decided to translate some of those
classic movies into my style.”
16 www.thebigpicturemagazine.com
horror movies and decided to translate some of those classic movies into my style.” 16 www.thebigpicturemagazine.com
one sheet tom walen Monsters, Inc. [Variant] (©2011) 5-color screenprint size: 18" x 24" Paul
one sheet
tom walen
Monsters, Inc. [Variant] (©2011)
5-color screenprint
size: 18" x 24"
Paul (©2010)
4-color screenprint
produced for the US premiere
of the film at the SXSW festival
"it wasn't until sometime in 1986 when
i really felt the urge to create art of
my own. From there, i consumed every
comic i could pilfer off of nana's spinner
rack and spent endless hours at the
drawing desk that my dad gave to me."
gofurther
[weB] www.strongstuff.net [Buy Tom waLeN'S work] www.strongstuff.deviantart.com
18 www.thebigpicturemagazine.com
[weB] www.strongstuff.net [Buy Tom waLeN'S work] www.strongstuff.deviantart.com 18 www.thebigpicturemagazine.com

four frames

the art of abbreviated storytelling

R unnin G s CAR e d

Stand By Me, Dir. Rob Reiner, 1983

2
2
4
4

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The transition from childhood to adolescence at its most exhilerating. Jez c oN olly steps onto the tracks for an extreme close-up.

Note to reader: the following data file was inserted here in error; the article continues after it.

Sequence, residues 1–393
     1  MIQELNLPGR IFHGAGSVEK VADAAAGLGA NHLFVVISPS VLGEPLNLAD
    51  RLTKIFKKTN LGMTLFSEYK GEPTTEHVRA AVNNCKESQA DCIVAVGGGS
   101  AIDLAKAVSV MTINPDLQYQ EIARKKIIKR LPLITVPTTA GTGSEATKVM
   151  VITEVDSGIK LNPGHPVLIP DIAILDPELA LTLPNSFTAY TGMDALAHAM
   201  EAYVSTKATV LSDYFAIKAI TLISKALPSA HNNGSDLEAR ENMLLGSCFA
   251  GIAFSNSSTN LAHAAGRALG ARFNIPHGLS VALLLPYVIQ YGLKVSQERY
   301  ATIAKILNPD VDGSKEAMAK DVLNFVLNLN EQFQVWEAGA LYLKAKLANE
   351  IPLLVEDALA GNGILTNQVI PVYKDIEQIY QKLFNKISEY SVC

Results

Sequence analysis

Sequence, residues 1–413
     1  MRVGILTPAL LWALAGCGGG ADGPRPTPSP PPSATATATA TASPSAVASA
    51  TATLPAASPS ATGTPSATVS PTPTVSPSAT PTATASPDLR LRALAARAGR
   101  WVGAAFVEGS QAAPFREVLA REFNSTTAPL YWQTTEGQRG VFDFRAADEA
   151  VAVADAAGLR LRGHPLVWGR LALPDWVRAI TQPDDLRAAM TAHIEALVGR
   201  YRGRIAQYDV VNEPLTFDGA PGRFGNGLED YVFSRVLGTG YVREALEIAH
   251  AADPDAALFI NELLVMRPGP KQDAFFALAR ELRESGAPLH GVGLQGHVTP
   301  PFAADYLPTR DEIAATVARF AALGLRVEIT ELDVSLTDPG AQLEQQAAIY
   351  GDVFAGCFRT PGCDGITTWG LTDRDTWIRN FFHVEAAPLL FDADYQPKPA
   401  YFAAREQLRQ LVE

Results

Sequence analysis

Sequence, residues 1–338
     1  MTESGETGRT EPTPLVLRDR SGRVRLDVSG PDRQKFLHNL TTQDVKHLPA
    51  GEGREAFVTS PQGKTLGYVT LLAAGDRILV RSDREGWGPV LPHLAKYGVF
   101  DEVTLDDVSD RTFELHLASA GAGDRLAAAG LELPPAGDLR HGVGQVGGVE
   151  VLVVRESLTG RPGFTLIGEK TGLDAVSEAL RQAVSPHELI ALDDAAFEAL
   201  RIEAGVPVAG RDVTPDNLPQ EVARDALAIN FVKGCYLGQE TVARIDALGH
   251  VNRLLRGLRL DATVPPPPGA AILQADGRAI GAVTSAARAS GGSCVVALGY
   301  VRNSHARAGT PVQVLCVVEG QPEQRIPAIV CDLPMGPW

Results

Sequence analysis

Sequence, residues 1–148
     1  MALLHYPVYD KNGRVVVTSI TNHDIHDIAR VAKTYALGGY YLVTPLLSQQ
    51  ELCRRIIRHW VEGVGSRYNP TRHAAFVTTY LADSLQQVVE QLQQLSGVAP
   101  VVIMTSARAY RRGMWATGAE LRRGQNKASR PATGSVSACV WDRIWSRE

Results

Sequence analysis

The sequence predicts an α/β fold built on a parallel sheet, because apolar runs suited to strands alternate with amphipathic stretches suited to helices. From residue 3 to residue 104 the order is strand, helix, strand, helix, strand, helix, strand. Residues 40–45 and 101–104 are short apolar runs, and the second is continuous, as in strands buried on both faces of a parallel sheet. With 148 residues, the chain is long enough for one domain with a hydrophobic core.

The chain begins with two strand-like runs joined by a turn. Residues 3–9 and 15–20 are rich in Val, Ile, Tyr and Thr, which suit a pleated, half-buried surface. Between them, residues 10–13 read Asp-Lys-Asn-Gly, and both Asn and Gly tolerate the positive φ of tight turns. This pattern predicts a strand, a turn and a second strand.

early on in his rites of passage trek out of the fictional town of Castle Rock along the Oregon railroad in search of missing boy Ray Brower’s dead body, Gordie (Wil Wheaton), together with his three pals, resorts to a short cut across a train bridge and narrowly avoids suffering the same fate as little Ray. Gordie comes to the rescue when Vern (Jerry O’Connell) stumbles on the precarious track and freezes in the path of an oncoming locomotive. Chris (River Phoenix) and Teddy (Corey Feldman) look on in horror as Gordie and Vern make a desperate scramble to the safety of the far side of the bridge. They make it, just, and end up in a dusty heap, battered, bruised but relieved to be alive. Director Rob Reiner shot the scene at Lake Britton Bridge on the McCloud River Railroad in Burney Falls State Park, California.

River Railroad in Burney Falls State Park, California. Read More four frames online at

Read More four frames online at www.thebigpicturemagazine.com

September/October 2011 21

1000 words moments that changed cinema forever
1000 words
moments that changed cinema forever

Beginner Absolut�

John Hughes excelled in making films that managed

to both glamorise and humanize the experience of growing up in an America at a time of prosperity. N icola balkiN d examines his continuing appeal and relevance in an age of crippling austerity.

aBove/BeLow john hughes and matthew Broderick moLLY ringwaLd in sixteen candLes

and matthew Broderick moLLY ringwaLd in sixteen candLes whether you're a literature lover or a film

whether

you're

a